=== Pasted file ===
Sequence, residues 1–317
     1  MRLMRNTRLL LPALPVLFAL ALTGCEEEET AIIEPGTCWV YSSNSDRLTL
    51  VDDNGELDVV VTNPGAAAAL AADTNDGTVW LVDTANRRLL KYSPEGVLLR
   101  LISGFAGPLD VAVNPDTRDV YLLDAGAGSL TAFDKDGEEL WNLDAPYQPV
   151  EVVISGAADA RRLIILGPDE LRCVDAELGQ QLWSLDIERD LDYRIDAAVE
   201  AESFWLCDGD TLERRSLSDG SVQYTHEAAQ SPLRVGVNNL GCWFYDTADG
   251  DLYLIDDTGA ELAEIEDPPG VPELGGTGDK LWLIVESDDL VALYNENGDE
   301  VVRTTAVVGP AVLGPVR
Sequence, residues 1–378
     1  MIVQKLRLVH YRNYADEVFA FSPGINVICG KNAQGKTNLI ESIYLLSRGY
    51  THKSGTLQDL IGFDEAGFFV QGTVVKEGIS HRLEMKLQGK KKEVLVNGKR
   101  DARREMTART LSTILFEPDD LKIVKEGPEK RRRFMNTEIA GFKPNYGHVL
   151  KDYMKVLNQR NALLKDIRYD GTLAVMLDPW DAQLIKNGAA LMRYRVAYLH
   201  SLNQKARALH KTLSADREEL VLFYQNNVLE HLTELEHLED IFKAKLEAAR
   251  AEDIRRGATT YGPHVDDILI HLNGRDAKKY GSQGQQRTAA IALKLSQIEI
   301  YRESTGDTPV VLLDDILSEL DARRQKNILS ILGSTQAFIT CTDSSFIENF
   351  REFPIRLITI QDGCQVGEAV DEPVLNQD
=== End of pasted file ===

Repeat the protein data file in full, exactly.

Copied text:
Sequence, residues 1–317
     1  MRLMRNTRLL LPALPVLFAL ALTGCEEEET AIIEPGTCWV YSSNSDRLTL
    51  VDDNGELDVV VTNPGAAAAL AADTNDGTVW LVDTANRRLL KYSPEGVLLR
   101  LISGFAGPLD VAVNPDTRDV YLLDAGAGSL TAFDKDGEEL WNLDAPYQPV
   151  EVVISGAADA RRLIILGPDE LRCVDAELGQ QLWSLDIERD LDYRIDAAVE
   201  AESFWLCDGD TLERRSLSDG SVQYTHEAAQ SPLRVGVNNL GCWFYDTADG
   251  DLYLIDDTGA ELAEIEDPPG VPELGGTGDK LWLIVESDDL VALYNENGDE
   301  VVRTTAVVGP AVLGPVR
Sequence, residues 1–378
     1  MIVQKLRLVH YRNYADEVFA FSPGINVICG KNAQGKTNLI ESIYLLSRGY
    51  THKSGTLQDL IGFDEAGFFV QGTVVKEGIS HRLEMKLQGK KKEVLVNGKR
   101  DARREMTART LSTILFEPDD LKIVKEGPEK RRRFMNTEIA GFKPNYGHVL
   151  KDYMKVLNQR NALLKDIRYD GTLAVMLDPW DAQLIKNGAA LMRYRVAYLH
   201  SLNQKARALH KTLSADREEL VLFYQNNVLE HLTELEHLED IFKAKLEAAR
   251  AEDIRRGATT YGPHVDDILI HLNGRDAKKY GSQGQQRTAA IALKLSQIEI
   301  YRESTGDTPV VLLDDILSEL DARRQKNILS ILGSTQAFIT CTDSSFIENF
   351  REFPIRLITI QDGCQVGEAV DEPVLNQD